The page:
Wow, it’s been awhile! I have had quite the workload the past couple weeks, which is why the blog hasn’t been updated as much as I would have liked.
I know this is old news now, but I had the opportunity to go out to the Kentucky Horse Park twice during the FEI World Equestrian Games here in Lexington over the last couple of weeks. First I went on Sept. 29 to see my husband, Steven's band play in the Experience area:
Then, on Saturday, Oct. 2, I had the pleasure of watching Becky Holder and her ex-racehorse Courageous Comet compete in eventing cross country.
I had never seen this discipline in person, and really didn’t know what to expect. My friends and I decided to dress up a little bit, but that turned out to be a mistake. Between the extreme weather that day (considerably hot in the afternoon, then chilly with gusty winds later on), all the walking we had to do in order to see multiple jumps along the course, and the huge crowd we were weaving in and out of (50,000-plus!), I was definitely wishing I had worn something more comfortable.
But the event itself was nothing short of amazing and breathtaking. We stood at one of the water jumps when we first arrived, which is where I saw Holder and Comet coming through the course. There’s usually around a 10 minute or so gap between riders, and then suddenly, whistles are blown, the crowd is parted, and a hush settles over the throng of people who are all straining for the best view.
After extensively interviewing Holder for a pre-WEG feature, it was so neat to see her and Comet in person, galloping along the course, splashing through the water, gliding over the jumps. I imagined the 14-year-old gray Thoroughbred back in his racing days and was in awe of his handsome stature as he concentrated on his task at hand. The pair seemed to float along the course with such ease, and later when I watched their entire run on TV, it was all the more impressive to witness their seemingly flawless performance.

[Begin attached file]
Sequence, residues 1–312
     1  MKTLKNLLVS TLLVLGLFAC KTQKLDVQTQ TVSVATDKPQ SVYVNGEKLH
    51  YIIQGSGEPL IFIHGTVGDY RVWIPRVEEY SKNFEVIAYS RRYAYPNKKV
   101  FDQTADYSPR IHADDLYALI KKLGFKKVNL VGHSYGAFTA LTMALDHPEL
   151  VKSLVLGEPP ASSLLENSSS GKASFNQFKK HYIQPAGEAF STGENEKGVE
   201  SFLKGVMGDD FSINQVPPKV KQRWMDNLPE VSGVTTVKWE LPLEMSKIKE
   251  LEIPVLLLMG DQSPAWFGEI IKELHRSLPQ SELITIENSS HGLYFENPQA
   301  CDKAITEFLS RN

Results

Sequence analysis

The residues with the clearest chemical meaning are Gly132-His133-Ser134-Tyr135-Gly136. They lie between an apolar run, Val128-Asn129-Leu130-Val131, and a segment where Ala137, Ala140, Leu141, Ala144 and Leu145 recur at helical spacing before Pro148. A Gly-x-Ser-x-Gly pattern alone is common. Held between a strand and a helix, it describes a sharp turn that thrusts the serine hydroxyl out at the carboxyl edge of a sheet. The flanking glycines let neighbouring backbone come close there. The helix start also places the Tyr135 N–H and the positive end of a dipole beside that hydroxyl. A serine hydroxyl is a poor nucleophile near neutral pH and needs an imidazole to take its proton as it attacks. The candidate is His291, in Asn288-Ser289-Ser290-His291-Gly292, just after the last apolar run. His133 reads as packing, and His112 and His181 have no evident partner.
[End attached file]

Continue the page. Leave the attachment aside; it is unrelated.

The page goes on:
Becky Holder and Courageous Comet
"The Head of the Lake series of fences was fun and rhythmic and the help we got from the crowd was a lifeline as well,” said Holder in a release following the event.
Holder was referring to the series of fences from which we viewed her and Comet, so I was happy to be a part (albeit a small one) of one of her most enjoyed portions of the course.
Sadly, even though Holder and Comet ended up in third overall as individuals by the end of the day, it was announced the next morning that following a veterinary inspection, Holder had decided to withdraw her horse.
According to a U.S. Equestrian Federation press release, "Courageous Comet lost a front shoe on the early part of the cross-country course on Saturday and appears to have overcompensated in the opposite leg. He is happy and comfortable back in the stables and is getting the best care available by some of the best veterinarians in the world to ensure a full diagnosis."
More details about the condition of Courageous Comet, who US eventing team veterinarian Brendan Furlong said would make a "full recovery," can be found here on TheHorse.com.
While I was certainly disappointed for Holder and Comet, the fact they had even made it as far as they did—the fact they were even named to the US team—certainly deserves some accolades.
We stayed for most of the afternoon at eventing cross country, and I have to say I was quite nervous seeing some of the horses barely grazing over the various jumps and fencing. Some lost their footing, while others refused certain obstacles, which made it all the more impressive when another horse-and-rider pair glided over a particular jump with no hesitation.
A WEG contender makes his way over one of the more challenging jumps
Toward the end of the day, as we were walking down a hill and away from the course to grab some food, we suddenly heard whistles blowing furiously and people screaming for a medic. Iman du Golfe, an Italian horse, had been injured at fence 20, and I immediately felt my stomach go in knots. There was blood, there was a screen put up around the horse. But…it turned out he was okay, as was his rider, Juan Carlos Garcia, who was taken to the hospital to be treated for minor injuries.
Iman du Golfe had a suffered a deep laceration and a small bone chip in his left elbow region, but veterinarians at Rood & Riddle reported the next day that the horse would most likely make a full recovery, and I breathed a huge sigh of relief.
I will have more coming for you next week when I talk about another fun encounter I had at WEG—meeting Ron Turcotte, jockey of Secretariat, who was signing autographs at the Thoroughbred Retirement Foundation booth. Such an honor!
In the meantime, I would like to hear more about some of your own experiences at WEG. Was it all you had hoped it would be? Was there anything that surprised you? What was your favorite event or best part of the experience?
Read more behind-the-scenes stories about WEG on this blog on TheHorse.com.